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More About the Author

Jacky Hyams is a Brighton based journalist and best selling non fiction author. She has been writing for a wide range of mass market newspapers and magazines in the UK and Australia for several years.

Her passion for 20th Century history led to the publication of her two best selling personal memoirs about post WW2 London: Bombsites and Lollipops, published by John Blake Publishing in 2011 and White Boots & Mini Skirts: A True Story of Life in the Swinging Sixties, published in February 2013, also by Blake Publishing.

Jacky's third historically related title, The Female Few: Spitfire Pilots of the ATA, was published by The History Press in 2012 followed by her unique history of Britain's WW2 female munitions workers, Bomb Girls: Britain's Secret Army, published in 2013 by John Blake Publishing.

Her latest book, Frances: The Tragic Bride, tells the unold true story of the life of Reggie Kray's first wife, Frances Shea, published by John Blake Publishing in September 2014. Based on interviews and documents that have never been made public before, the story provides an original and fresh perspective on life in the Kray Twins' inner circle -- and the troubled life of the innocent young woman at its centre.

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Customer Reviews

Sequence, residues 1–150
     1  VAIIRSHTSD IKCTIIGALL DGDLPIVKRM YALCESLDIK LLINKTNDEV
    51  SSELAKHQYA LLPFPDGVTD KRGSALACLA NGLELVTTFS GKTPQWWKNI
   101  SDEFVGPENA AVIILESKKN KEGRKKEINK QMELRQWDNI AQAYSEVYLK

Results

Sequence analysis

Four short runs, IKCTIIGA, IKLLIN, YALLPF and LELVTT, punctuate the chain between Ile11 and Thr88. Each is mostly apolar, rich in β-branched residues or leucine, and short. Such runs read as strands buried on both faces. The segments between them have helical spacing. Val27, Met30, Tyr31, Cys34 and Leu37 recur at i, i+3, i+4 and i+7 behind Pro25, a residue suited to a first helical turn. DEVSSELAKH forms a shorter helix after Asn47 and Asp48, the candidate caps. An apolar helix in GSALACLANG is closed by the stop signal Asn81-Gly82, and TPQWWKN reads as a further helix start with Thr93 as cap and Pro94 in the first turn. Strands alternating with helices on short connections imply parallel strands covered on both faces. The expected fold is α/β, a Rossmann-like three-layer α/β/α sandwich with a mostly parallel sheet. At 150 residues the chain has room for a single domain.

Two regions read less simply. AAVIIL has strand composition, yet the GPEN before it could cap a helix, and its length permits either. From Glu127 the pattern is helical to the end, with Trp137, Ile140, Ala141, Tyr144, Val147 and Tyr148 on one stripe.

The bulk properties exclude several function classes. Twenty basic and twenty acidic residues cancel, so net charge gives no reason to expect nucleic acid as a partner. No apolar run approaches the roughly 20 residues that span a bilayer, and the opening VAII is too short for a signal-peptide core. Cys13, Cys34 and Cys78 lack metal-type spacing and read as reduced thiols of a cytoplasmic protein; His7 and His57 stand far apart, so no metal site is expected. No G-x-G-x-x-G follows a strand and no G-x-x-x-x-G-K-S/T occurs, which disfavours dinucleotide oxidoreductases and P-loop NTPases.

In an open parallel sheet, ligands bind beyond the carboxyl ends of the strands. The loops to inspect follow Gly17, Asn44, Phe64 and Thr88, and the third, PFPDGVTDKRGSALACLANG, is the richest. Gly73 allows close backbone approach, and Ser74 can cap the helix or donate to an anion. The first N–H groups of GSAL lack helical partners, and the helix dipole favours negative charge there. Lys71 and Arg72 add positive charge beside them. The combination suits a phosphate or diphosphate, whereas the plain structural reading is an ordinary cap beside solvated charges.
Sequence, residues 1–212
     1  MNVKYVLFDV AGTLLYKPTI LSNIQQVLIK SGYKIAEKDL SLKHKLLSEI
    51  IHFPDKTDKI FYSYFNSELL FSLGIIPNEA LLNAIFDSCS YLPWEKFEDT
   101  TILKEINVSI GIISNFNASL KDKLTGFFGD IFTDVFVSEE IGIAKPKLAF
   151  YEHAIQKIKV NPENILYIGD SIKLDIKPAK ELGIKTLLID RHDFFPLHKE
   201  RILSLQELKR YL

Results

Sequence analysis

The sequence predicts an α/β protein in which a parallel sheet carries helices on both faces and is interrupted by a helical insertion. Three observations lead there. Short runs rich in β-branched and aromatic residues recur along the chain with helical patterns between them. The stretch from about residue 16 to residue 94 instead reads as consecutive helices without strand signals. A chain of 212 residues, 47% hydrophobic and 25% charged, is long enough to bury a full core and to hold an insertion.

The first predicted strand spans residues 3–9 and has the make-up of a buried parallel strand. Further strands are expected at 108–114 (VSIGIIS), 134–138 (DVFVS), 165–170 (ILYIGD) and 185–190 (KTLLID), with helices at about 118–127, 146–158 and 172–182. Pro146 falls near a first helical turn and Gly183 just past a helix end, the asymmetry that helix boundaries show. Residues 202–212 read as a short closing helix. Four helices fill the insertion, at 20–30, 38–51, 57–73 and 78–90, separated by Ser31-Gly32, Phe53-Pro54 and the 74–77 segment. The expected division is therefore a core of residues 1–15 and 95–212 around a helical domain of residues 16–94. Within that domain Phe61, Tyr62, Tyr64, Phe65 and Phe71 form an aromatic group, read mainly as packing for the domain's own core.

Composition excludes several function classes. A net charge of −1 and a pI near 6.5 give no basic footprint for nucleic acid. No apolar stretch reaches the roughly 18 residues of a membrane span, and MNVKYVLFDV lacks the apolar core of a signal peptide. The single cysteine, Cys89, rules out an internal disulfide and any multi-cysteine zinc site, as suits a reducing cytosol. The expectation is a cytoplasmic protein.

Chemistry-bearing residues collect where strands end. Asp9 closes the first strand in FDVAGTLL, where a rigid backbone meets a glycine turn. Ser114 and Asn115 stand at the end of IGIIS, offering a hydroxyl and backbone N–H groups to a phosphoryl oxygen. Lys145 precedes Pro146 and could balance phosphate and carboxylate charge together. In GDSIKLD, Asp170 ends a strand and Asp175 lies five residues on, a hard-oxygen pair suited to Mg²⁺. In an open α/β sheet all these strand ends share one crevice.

Most Helpful Customer Reviews
69 of 69 people found the following review helpful
5.0 out of 5 stars A vivid and engaging memoir 4 July 2011
Bombsite and Lollipops tells the story of the author's childhood in Hackney, north-east London, in the years following the Second World War: an age of shortages, rationing, queues, power-cuts, cold and all-pervasive greyness. She grows up in a slum scarred by bomb damage, in a flat in a block with a stinking rubbish chute, but the life that she and her parents lead is way out of the ordinary. Her father, known as Ginger Sid, is a street bookie with a string of shady contacts - he and her mother at one point attend a party given by the Krays - and the family eat well (thanks to the Black Market), dress stylishly, employ a cleaner and a baby-sitter and are driven in a Daimler when they go for outings or for seaside holidays.